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#22
AsRock
TPU addict
Still wont have me upgrading but dam it will freshen the market up once again. And if they are going to start taking so long to shrink may as well wait for the tweaked 16\20nm
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#23
Yorgos
jigar2speed said:
Query - What happens when physically its not possible any further shrink ???
much like to what happens every time there is a dead-end in every technology,
they pick something from the reaserch-stack and put it into mainstream production.
It will be expensive at first but it will become cheaper as more and more companies jump into it.
I bet that there are 10 or more alternatives to silicon out there, not to mention the silicon photonics technology.

I think that the physical limit of the silicon is less than 1 nm, which is IIRC 7 atoms wide, thus making 0.14nm a possible goal (?!).

I believe also that there is too much attention on the lithographic node of each chip. intel proved that an immature node, e.g. 28 or 22 nm is impossible to give you the benefits you expect in comparison to a mature node, e.g. 40nm.
At 40nm z196 was amazing, so even if the progress stops at 10nm or 7nm there are years upon years of r&d to take full advantage of that node.
To conclude, there are so f'ing many things to consider when making a cpu, that the lithographic node is only a fraction of what you actually should consider... but that's what makes (mostly) people consider when buying a cpu.
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#24
Vinska
Yorgos said:
I believe also that there is too much attention on the lithographic node of each chip. intel proved that an immature node, e.g. 28 or 22 nm is impossible to give you the benefits you expect in comparison to a mature node, e.g. 40nm.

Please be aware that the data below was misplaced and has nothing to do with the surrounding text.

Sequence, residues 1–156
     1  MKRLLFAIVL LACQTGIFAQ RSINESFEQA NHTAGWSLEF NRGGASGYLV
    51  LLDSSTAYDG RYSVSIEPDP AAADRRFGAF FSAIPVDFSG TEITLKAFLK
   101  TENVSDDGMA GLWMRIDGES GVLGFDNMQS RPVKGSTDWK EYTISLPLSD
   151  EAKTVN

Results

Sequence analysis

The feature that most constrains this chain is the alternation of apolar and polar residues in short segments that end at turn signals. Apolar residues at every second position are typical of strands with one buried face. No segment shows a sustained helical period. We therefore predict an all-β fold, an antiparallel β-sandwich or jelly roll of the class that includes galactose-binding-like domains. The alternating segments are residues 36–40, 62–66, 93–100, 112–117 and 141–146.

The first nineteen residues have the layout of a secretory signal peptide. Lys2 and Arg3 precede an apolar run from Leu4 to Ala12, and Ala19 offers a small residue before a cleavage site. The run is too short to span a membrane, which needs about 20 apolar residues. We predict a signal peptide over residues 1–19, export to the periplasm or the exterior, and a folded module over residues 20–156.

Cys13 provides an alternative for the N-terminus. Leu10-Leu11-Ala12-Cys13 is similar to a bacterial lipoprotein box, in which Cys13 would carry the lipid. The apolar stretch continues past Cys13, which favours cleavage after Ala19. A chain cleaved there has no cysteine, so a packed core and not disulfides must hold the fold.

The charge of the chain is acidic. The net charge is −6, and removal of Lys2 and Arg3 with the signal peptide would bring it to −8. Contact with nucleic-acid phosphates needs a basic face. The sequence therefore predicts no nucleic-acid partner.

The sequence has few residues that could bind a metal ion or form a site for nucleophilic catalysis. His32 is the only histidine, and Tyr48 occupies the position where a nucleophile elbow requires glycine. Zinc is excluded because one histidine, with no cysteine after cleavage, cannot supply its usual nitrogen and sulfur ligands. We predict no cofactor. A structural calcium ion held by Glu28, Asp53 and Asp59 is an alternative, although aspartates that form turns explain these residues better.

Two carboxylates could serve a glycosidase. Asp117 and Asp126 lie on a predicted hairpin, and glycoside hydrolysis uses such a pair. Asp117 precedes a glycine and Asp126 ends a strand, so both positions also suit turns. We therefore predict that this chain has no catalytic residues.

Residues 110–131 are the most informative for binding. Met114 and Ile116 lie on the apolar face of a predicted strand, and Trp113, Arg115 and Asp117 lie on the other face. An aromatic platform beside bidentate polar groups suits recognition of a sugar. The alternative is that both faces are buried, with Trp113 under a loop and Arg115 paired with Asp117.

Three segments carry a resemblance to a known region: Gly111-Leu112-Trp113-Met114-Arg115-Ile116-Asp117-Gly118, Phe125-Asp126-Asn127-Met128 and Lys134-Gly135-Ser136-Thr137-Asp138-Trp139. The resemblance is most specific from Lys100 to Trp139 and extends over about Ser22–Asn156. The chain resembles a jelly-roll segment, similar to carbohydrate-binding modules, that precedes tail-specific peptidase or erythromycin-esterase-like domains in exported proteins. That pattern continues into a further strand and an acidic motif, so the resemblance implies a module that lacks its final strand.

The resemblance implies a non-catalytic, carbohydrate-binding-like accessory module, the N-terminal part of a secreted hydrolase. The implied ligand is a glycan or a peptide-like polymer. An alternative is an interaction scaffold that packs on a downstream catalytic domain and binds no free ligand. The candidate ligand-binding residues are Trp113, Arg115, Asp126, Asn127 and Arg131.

At 40nm z196 was amazing, so even if the progress stops at 10nm or 7nm there are years upon years of r&d to take full advantage of that node.
To conclude, there are so f'ing many things to consider when making a cpu, that the lithographic node is only a fraction of what you actually should consider... but that's what makes (mostly) people consider when buying a cpu.
That is all for the benefit of the manufacturer, simply.
Smaller process == smaller die size for the same chip
smaller die size == more chips on the same wafer
more chips on the same wafer == [much] lower manufacturing costs
lower manufacturing costs == higher market margin for chips they sell
higher market margin == MONEY!!!!!!!

this applies regardless if the company owns and uses their own fabs (e.g. Intel) or is a fabless one (e.g. AMD, Nvidia)

P.S. that said, AMD should move from 28nm for their CPUs, FFS B(